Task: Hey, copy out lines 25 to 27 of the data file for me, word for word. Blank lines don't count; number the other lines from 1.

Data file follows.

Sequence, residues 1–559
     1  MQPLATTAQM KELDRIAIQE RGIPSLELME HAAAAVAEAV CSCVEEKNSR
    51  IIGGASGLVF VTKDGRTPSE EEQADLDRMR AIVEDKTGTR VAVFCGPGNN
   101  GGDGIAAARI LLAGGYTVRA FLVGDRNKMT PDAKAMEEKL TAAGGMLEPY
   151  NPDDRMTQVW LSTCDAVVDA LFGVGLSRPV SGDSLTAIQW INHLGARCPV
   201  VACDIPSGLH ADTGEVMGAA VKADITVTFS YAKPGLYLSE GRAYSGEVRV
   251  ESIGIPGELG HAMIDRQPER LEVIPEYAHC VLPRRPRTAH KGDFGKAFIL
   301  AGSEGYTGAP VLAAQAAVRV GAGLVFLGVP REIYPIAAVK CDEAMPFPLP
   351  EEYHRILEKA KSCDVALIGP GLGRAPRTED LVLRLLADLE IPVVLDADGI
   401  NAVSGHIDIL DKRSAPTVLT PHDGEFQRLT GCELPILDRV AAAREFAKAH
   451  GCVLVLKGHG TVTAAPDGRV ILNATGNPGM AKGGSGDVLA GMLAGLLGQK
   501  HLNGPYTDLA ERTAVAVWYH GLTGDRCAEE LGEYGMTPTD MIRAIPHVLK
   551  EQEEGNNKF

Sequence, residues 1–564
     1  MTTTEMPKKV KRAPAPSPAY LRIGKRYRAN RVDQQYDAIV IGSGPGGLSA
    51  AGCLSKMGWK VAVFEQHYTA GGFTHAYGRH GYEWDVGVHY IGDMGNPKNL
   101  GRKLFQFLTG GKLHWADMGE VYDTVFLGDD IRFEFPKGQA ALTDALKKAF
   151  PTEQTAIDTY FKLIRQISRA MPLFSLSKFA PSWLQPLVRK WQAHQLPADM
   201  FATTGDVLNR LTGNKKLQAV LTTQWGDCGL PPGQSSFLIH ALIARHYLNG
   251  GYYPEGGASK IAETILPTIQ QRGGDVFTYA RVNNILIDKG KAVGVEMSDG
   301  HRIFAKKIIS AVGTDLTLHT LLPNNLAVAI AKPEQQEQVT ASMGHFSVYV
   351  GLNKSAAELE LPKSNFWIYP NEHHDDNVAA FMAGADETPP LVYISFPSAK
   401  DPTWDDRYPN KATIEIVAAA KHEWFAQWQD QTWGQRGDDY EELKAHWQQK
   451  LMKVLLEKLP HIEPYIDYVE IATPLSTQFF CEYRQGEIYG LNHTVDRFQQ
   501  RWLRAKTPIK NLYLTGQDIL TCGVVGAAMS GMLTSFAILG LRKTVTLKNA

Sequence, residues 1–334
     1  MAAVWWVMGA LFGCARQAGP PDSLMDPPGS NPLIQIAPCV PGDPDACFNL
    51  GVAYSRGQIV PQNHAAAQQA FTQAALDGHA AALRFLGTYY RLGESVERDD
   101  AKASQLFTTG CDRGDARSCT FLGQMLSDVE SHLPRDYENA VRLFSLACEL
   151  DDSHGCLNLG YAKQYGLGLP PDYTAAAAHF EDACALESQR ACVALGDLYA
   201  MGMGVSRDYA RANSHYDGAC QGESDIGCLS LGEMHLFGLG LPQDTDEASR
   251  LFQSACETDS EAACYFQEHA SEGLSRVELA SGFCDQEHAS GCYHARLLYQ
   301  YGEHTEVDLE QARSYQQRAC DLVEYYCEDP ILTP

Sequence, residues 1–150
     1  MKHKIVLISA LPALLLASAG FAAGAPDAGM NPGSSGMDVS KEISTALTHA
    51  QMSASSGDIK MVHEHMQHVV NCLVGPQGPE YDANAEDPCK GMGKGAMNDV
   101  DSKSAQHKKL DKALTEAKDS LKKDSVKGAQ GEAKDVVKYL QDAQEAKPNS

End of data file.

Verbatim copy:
   501  RWLRAKTPIK NLYLTGQDIL TCGVVGAAMS GMLTSFAILG LRKTVTLKNA

Sequence, residues 1–334
     1  MAAVWWVMGA LFGCARQAGP PDSLMDPPGS NPLIQIAPCV PGDPDACFNL